Waiheke Marketplace : February 22nd 2012
www.waihekemarketplace.co.nz 9 WAIHEKE MARKETPLACE, FEBRUARY 22, 2012 NEWS LETTERS TO THE EDITOR Letters of 150 words or less can be emailed to firstname.lastname@example.org or sent to Editor, Waiheke Marketplace, PO Box 185, Oneroa, Waiheke Island 1840, by Monday morning, 9am. Full name, address and phone number should be given. Only the name and suburb will be published. Kowhai conundrum: Ostend resident Graham Hooper is concerned the kowhai tree on the council road reserve outside The Rocks on Belgium St will be removed to make way for entry to the new Countdown supermarket. Photo: GRAHAM HOOPER Street trees While most people know about the five pohutukawa trees on Belgium St Countdown wants to remove to build an underground carpark, they may not know that two more trees could go. The magnificent kowhai tree in front of The Rocks is also destined to be axed to make way for the entry/exit point of the supermarket. I have watched this tree grow from the day it was planted. Two kowhai trees were originally planted but just after The Rocks opened, someone backed a truck over the other tree close to the driveway and it was never replaced. The two trees were planted to screen the building from the main road. How times have changed. According to the supermarket application, the new building will fit into the existing streetscape, but it also states no street trees will be affected, or work will be done near the dripline of trees. In the application map, the kowhai tree planted area on the council road reserve is not included on the drawing, as if it doesn t exist. The application also seeks to move the bus stop outside the pensioner village opposite the Ostend shops to opposite the supermarket -- at ratepayers expense? Does this mean another pohutukawa, outside the service centre, will be removed for a bus bay? The application also states that the hearings panel strongly supports the application as it evokes the character of a retail centre such as Newmarket . Do we want that on Waiheke? The application states the two pohutukawa trees that will replace the five that are removed will only be placed in concrete containers which will restrict their growth to a maximum two metres. That means they won t ever become protected native trees of over three metres under our district plan. It also states these five pohutukawa aren t suitable as street trees due to their bushy/shrub-like nature. But they have been wonderful street trees, providing shade and also flowers for the many tui over summer -- just like the kowhai outside The Rocks. Graham Hooper Ostend Dog bylaws Regarding the letter on dog bylaws on February 8, if Name Withheld could see past the tourism dollars, he/ she might discover that people who care for dogs come in all ranges of age, ability, income and general life circumstances. Some have constraints regarding transport or the cost of running a car, some may never get to the off-leash locations. Older and less capable dog owners may habitually rely on a particular local beach which suits their needs for easy access. In addition to issues related to the capacity of dog carers -- remembering that over the period of 10 to 15 years of a dog s life, the carer may suffer ill health, loss of a partner or some other life change and yet still be committed to the welfare of their pet. In order for dogs to engage in natural behaviours, off leash socialising is extremely important. Waiheke must retain current access hours. Eme Kilkenny Sandy Bay Lazy cyclists Would whoever made the decision to put bike racks on our buses explain why? It seems to me that if someone wishes to ride a bike they would not want or need to take a bus. Why would they bring their bike to the island? This attachment defeats the purpose of cycling. If it is so necessary to create additional work for our overworked yet always helpful bus drivers, surely hooks for those ungainly and clumsy oversized pushchairs would have been more appropriate. But did anyone think to ask which should take priority? Alternatively, why not some extra space inside the buses for luggage so during the crazy season people don t use up seats for their huge bags. Whichever is most important as an additional service on our buses, it is certainly not bike racks for lazy cyclists. Polly Nash Surfdale Dogs on buses My husband and I and an Australian friend, travelled to your beautiful island with our little Yorkshire terrier on a Fullers ferry, a trip we have made several times over the last year. Imagine our dismay when we tried to board the bus to Onetangi and were curtly informed no dogs on buses . We politely told the driver we had never had a problem on previous trips. His reply was not on my bus . Apparently this rule is discretionary. After approaching two other drivers who were not travelling to Onetangi, who applied the same rule -- we found a driver who would take us. He stated he didn t have a problem with dogs, in fact they were more well behaved than a lot of his two-legged passengers! Unfortunately, when we tried to return by a further two scheduled buses we were refused permission to board. A young Mexican chef at the Beachfront Cafe, who was finishing his shift, saw our plight and kindly came to our rescue. He took us in his little car back to Oneroa where we had lunch and then walked down to the ferry. This act of kindness on his part was greatly appreciated by three elderly visitors. We feel this rule should be clarified and advertised. Leigh McGowan Titirangi Family meals A story, photograph or drawing of a shared family meal will win three families a meal hamper from Countdown. The Waiheke Youth Initiative is promoting February as sharing a family meal month. Research shows meal sharing has lots of positive effects on health, well-being and nutritional needs, and improves relationships between parents and children. It doesn t have to be an evening meal, it could be breakfast or after school. The important thing is taking the time to sit down and enjoy a meal together with no distractions. Turn off the TV, the computer and leave the phones in another room. Hand in entries at the information desk at the supermarket or at Lazy Lounge by February 27. Optimus Gryme, aka Charlie Brown, and Penny Brown will judge the entries at Countdown on February 29 and announcing the winners at 3pm. Visit the website www.feedingour families.org.nz for meal ideas. Contact Waiheke Budgeting Services on 372-6300 or Piritahi Hau Ora on 372-0022 for advice on preparing affordable, nutritious family meals. Anna Brown Waiheke Youth Initiative Keep away from dotterels BIRD'S EYE VIEW Endangered bird: Residents are reminded to keep themselves and their dogs away from the dotterel breeding grounds at Whakanewha Regional Park. By JULIA MEEK and ANDY SPENCE We all know that we are totally dependent on nature doing its thing and staying healthy, but in the business of getting and spending it is possible to take it all for granted and hope for the best. Some species are glamor- ous, like kereru and kauri trees, others go unnoticed but are just as important like tuturiwhatu pukunui, the New Zealand dotterel. Would anyone notice if the few remaining little brown-and- white shore birds disap- peared from Waiheke and the Hauraki Gulf? Would anyone care? Well, they would when the signs of imbalance become more acute. The waters of the gulf are already showing the signs of stress like the pro- liferation of toxic jellyfish, poisonous sea slugs, dying penguins and so on, which result from over-fishing, pol- lution, dumping of bilge and waste from big ships and lots of small boats and, of course, global warming. There s not much the aver- age Waihekean can do to stop all that. But what each of us can do is to co-operate to treasure what remains of wildlife on those beaches which still have some. What dotterels actually contribute is one of nature s mysteries, as with some of the other small birds like banded rails, pied stilts and oystercatchers, and all those tiny invertebrates and mol- luscs with which a healthy beach teems. But there is no doubt that where they are not, degra- dation has set in. Future Birds Eye View columns will specify how everyone can help. To be get- ting on with, signs are being put up. If you see one of those, please do not go there or land there with a dog, especially between August and March when there may be eggs on the sand. Picnic time for teddy bears Picnic participant: Maija Fredrichberg at last year's Teddy Bears' Picnic. The Teddy Bears Picnic will take place on National Children s Day, March 4, at Te Huruhi School hall and playing fields. The picnic, from 2pm to 5pm, has the theme Treasure Our Children and organisers are encouraging visitors to dress in their royal best. All activities are free and include crown-making, designing and creating a coat-of-arms, running races, the teddy parade, pony rides, the ever-popular slime bin, the Toy Library obstacle course, storytelling, face- painting, Jump Jam, bouncy castle, sing-a-longs, Zumba with Rahman, and discover- ing what lies within The Round Room. There will be spot prizes including a family pass to Kelly Tarlton s and Auckland Zoo -- both with Fuller s ferry passes and Explorer bus tickets. This is a fantastic free day out for the whole family and in keeping with the spirit of family and togetherness, both children and parents are encouraged to get involved in all the activities on the day, organiser Felicity Thompson says. Organisers are collecting children s clothing, in clean and tidy condition, to donate to Women s Refuge and Kidz First Hospital. It is not only a great chance for parents to clear out some much-needed storage space but a way for the children of Waiheke to help nurture other less fortu- nate children in the greater Auckland region, Ms Thomp- son says. A drop-off area will be sign- posted on the day. The event has funding from the Waiheke Local Board and Auckland City Council. Email Felicity Thompson at email@example.com or call 372-3221 or 021-207- 2740 for information.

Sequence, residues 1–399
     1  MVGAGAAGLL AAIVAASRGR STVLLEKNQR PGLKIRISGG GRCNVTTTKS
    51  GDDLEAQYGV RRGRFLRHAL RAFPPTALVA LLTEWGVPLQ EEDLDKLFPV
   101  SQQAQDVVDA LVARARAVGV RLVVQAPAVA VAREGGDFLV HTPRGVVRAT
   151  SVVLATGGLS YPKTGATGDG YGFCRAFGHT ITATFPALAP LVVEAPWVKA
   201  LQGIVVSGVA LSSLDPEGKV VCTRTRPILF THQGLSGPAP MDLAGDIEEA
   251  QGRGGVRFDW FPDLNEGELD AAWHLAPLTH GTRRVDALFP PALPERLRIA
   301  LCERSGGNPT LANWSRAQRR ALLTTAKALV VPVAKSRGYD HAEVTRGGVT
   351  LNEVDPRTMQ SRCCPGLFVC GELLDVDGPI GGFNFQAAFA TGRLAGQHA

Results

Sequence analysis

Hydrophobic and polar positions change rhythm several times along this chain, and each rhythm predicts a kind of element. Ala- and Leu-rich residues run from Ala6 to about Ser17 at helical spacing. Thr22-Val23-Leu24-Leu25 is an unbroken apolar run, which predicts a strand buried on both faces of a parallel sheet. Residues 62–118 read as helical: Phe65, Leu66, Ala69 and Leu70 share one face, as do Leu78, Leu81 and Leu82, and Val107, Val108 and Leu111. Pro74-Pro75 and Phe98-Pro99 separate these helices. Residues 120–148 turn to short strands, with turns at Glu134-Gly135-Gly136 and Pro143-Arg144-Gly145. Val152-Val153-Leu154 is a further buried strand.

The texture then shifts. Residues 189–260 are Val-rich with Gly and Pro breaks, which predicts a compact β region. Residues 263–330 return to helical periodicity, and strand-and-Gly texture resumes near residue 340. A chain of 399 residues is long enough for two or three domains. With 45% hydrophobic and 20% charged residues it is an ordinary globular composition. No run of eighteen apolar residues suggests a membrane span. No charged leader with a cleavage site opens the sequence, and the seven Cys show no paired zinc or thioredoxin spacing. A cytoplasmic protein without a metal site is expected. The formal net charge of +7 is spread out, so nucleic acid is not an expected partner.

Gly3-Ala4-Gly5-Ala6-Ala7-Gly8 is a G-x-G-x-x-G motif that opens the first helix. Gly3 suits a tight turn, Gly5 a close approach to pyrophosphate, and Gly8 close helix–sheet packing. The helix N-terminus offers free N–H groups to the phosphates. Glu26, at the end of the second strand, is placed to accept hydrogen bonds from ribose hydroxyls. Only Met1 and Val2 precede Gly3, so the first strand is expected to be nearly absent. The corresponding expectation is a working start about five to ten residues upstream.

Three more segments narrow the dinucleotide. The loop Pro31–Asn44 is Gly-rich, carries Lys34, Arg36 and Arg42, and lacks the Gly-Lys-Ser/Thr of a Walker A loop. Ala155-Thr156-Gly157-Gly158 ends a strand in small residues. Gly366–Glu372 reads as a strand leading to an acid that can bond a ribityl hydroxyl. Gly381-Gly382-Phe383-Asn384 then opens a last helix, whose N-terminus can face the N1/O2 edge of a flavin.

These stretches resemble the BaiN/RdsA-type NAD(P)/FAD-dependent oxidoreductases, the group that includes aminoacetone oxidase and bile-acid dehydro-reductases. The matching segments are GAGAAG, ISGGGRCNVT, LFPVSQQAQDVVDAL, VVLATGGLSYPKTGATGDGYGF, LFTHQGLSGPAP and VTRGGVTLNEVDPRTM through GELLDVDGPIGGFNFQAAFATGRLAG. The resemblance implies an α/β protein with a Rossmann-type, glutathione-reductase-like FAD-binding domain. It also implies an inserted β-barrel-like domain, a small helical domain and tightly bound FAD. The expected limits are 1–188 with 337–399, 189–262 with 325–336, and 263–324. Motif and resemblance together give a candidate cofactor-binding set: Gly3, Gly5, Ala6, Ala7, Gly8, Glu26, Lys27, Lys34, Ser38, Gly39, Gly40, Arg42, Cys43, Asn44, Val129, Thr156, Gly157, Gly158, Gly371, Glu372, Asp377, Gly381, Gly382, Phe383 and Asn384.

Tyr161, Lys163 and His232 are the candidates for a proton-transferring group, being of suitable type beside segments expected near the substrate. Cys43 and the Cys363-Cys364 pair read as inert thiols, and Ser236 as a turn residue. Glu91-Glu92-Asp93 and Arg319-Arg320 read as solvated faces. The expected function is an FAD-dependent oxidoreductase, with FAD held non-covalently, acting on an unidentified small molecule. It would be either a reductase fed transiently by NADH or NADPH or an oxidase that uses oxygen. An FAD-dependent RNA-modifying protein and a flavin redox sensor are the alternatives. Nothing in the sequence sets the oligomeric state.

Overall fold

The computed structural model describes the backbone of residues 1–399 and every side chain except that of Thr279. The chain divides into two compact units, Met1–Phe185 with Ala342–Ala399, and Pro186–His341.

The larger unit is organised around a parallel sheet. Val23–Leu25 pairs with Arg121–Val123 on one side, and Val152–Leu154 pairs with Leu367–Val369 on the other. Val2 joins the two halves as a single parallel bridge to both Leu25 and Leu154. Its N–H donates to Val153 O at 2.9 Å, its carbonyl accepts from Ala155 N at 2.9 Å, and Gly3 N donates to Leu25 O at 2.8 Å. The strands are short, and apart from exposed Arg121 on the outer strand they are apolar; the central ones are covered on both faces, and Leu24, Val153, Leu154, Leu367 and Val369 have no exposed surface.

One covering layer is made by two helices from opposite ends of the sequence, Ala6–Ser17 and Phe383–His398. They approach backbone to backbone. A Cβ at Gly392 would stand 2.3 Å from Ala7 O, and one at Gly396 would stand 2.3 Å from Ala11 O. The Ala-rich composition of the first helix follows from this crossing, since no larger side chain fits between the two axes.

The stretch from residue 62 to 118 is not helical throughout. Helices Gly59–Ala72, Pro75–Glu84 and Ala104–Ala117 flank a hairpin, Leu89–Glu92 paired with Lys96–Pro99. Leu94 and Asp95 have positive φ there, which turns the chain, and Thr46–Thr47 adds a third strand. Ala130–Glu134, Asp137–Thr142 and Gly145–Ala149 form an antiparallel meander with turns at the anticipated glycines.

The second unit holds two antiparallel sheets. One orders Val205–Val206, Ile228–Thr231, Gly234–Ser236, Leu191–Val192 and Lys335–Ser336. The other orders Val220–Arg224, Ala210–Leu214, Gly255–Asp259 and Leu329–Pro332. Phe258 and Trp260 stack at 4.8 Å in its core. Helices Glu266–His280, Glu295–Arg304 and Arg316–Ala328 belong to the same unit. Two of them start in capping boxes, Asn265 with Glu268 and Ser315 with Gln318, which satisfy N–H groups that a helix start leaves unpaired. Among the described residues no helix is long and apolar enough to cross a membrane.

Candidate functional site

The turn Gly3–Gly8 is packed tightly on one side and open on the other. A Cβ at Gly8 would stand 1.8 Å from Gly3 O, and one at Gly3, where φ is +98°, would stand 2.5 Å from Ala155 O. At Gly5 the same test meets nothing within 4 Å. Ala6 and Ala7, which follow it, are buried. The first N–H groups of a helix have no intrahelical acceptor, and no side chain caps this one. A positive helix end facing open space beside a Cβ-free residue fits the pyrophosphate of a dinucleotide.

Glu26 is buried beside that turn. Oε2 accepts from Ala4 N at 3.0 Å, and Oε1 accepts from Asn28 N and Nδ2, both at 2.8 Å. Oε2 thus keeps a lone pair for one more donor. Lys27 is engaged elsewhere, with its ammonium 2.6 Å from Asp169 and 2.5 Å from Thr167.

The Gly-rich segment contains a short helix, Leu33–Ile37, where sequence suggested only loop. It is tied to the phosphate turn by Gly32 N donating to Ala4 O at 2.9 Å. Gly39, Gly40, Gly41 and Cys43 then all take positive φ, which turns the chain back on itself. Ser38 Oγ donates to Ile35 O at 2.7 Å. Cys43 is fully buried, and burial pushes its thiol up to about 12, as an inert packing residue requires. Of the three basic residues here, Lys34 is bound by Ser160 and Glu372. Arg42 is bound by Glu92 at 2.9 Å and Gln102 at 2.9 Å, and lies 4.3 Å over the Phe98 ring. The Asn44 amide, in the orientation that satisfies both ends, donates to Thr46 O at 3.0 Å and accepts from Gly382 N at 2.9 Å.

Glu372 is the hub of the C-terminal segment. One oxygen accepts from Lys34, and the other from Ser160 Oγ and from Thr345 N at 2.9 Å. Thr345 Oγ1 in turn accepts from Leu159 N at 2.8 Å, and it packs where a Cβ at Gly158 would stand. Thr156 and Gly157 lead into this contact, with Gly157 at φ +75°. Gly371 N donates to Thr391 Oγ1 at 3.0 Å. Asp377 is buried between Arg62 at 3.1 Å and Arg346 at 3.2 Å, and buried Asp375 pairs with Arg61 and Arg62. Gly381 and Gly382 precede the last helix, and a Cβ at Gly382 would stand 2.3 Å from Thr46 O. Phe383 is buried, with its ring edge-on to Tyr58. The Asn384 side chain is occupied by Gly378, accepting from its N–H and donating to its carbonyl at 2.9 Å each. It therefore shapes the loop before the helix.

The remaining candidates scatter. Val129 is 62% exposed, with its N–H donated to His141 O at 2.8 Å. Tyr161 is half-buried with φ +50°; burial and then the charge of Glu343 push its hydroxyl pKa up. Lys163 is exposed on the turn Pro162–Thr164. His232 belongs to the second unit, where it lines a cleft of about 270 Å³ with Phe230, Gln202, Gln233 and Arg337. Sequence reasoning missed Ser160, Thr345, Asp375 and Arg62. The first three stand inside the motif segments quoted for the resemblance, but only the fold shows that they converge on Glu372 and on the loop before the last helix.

February 15th 2012
February 29th 2012